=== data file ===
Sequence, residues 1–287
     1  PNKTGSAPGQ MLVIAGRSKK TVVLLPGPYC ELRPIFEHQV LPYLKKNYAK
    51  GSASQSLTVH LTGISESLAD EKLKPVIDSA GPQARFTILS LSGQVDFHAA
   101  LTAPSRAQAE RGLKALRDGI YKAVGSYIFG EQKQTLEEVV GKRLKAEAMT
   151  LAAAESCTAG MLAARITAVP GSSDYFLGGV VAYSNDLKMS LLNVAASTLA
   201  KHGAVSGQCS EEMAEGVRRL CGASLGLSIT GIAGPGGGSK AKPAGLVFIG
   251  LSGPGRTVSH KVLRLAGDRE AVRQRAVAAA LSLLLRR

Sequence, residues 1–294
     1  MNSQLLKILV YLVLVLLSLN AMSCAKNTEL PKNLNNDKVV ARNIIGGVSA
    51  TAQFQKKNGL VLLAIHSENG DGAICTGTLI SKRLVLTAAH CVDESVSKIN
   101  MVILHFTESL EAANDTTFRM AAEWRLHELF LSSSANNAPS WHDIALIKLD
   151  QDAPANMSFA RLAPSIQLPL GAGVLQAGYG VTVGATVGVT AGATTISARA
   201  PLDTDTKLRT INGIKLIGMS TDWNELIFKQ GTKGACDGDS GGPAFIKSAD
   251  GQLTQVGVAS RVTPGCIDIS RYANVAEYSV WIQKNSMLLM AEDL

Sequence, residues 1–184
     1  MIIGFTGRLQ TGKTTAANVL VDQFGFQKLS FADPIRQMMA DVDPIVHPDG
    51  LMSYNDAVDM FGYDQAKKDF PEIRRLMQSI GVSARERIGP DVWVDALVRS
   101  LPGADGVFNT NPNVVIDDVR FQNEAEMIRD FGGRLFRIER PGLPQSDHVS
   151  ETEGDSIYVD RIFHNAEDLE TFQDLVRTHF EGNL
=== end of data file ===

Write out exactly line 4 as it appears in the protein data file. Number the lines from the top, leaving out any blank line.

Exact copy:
   101  LTAPSRAQAE RGLKALRDGI YKAVGSYIFG EQKQTLEEVV GKRLKAEAMT